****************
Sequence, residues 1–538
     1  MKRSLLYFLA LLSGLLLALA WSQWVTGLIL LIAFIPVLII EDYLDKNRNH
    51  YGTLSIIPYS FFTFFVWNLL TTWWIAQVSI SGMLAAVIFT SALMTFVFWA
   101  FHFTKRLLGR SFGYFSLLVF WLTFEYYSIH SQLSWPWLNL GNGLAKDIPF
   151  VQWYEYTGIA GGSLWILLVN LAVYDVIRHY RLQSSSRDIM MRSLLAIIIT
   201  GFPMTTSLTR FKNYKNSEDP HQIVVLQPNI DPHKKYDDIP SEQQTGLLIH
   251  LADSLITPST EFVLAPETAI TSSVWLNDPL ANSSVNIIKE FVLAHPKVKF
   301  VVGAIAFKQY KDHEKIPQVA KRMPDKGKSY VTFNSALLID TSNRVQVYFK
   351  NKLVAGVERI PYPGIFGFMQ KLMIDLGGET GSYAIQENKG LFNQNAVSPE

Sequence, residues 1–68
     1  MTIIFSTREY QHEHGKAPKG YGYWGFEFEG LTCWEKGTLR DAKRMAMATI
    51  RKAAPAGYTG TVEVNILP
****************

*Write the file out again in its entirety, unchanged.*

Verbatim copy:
Sequence, residues 1–538
     1  MKRSLLYFLA LLSGLLLALA WSQWVTGLIL LIAFIPVLII EDYLDKNRNH
    51  YGTLSIIPYS FFTFFVWNLL TTWWIAQVSI SGMLAAVIFT SALMTFVFWA
   101  FHFTKRLLGR SFGYFSLLVF WLTFEYYSIH SQLSWPWLNL GNGLAKDIPF
   151  VQWYEYTGIA GGSLWILLVN LAVYDVIRHY RLQSSSRDIM MRSLLAIIIT
   201  GFPMTTSLTR FKNYKNSEDP HQIVVLQPNI DPHKKYDDIP SEQQTGLLIH
   251  LADSLITPST EFVLAPETAI TSSVWLNDPL ANSSVNIIKE FVLAHPKVKF
   301  VVGAIAFKQY KDHEKIPQVA KRMPDKGKSY VTFNSALLID TSNRVQVYFK
   351  NKLVAGVERI PYPGIFGFMQ KLMIDLGGET GSYAIQENKG LFNQNAVSPE

Sequence, residues 1–68
     1  MTIIFSTREY QHEHGKAPKG YGYWGFEFEG LTCWEKGTLR DAKRMAMATI
    51  RKAAPAGYTG TVEVNILP